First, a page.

Myanmar releases scores of political prisoners

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Myanmar prisonThe new government in Myanmar freed more than 100 political prisoners under an amnesty ordered by the country’s new de-facto leader Aung San Suu Kyi as her first official act.

The state-run Global New Light of Myanmar newspaper on April 9 cited police as saying that 113 political detainees were freed across the country. Their freedom came along with a general amnesty for ordinary convicts ahead of Myanmar’s traditional New Year festival, often the occasion for prisoner releases.

The move was praised by human rights advocates, who, however, criticised that two peace activists at the same time were each sentenced to two years hard labour for activities bringing them into contact with  armed ethnic rebel group Kachin Independence Army that has been battling the central government.

Rights groups estimated that 100 political detainees remained in prison when a military-backed government was succeeded by Suu Kyi’s National League for Democracy party late this March. About 400 others were being held pending trial, including 60 students in the town of Tharrawaddy. Different procedures are required for the release of people from the two groups.

Under the previous government that took power in 2011, more than 1,100 political detainees were released. The junta that held power before then kept Suu Kyi under house arrest for a number of years, and jailed hundreds of her supporters and other critics.

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Reading Time: 1 minute

The new government in Myanmar freed more than 100 political prisoners under an amnesty ordered by the country’s new de-facto leader Aung San Suu Kyi as her first official act.

Reading Time: 1 minute

Myanmar prisonThe new government in Myanmar freed more than 100 political prisoners under an amnesty ordered by the country’s new de-facto leader Aung San Suu Kyi as her first official act.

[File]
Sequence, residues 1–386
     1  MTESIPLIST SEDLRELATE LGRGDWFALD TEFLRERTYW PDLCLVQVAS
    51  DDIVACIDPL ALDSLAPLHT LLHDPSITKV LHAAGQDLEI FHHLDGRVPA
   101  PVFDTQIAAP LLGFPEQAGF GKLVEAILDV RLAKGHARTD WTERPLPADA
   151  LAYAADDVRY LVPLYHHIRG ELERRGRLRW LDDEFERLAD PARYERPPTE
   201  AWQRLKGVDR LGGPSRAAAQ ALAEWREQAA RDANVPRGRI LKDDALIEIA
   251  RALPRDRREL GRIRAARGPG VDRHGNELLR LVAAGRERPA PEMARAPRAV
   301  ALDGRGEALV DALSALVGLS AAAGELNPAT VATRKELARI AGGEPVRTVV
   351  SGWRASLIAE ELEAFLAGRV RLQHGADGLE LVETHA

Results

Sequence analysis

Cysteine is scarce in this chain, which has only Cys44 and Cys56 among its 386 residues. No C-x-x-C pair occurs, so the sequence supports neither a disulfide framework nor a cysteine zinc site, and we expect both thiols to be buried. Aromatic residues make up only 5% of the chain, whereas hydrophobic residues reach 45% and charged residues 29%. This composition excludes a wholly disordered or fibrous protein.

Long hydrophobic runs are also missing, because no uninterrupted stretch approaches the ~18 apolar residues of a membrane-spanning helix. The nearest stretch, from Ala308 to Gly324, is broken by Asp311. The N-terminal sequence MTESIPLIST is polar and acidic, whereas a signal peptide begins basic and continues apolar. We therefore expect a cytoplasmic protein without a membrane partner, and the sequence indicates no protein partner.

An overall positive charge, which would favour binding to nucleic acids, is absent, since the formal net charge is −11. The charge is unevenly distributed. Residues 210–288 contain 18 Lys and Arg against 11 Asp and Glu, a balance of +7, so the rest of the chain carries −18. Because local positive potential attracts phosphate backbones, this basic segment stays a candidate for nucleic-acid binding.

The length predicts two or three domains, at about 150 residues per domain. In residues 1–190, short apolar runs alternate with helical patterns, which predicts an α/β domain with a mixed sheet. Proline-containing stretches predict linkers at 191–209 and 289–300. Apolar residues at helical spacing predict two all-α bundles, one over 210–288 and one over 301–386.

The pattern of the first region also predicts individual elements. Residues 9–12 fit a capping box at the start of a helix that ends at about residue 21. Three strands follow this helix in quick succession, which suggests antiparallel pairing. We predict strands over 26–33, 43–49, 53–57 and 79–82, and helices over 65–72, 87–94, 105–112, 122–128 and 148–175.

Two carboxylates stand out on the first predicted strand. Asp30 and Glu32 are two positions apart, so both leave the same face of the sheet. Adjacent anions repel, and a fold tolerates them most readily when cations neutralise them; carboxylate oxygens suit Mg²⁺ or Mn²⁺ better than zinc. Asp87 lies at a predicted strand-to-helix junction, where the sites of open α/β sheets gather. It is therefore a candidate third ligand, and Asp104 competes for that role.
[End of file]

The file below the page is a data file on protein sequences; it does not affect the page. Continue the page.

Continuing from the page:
The state-run Global New Light of Myanmar newspaper on April 9 cited police as saying that 113 political detainees were freed across the country. Their freedom came along with a general amnesty for ordinary convicts ahead of Myanmar’s traditional New Year festival, often the occasion for prisoner releases.

The move was praised by human rights advocates, who, however, criticised that two peace activists at the same time were each sentenced to two years hard labour for activities bringing them into contact with  armed ethnic rebel group Kachin Independence Army that has been battling the central government.

Rights groups estimated that 100 political detainees remained in prison when a military-backed government was succeeded by Suu Kyi’s National League for Democracy party late this March. About 400 others were being held pending trial, including 60 students in the town of Tharrawaddy. Different procedures are required for the release of people from the two groups.

Under the previous government that took power in 2011, more than 1,100 political detainees were released. The junta that held power before then kept Suu Kyi under house arrest for a number of years, and jailed hundreds of her supporters and other critics.

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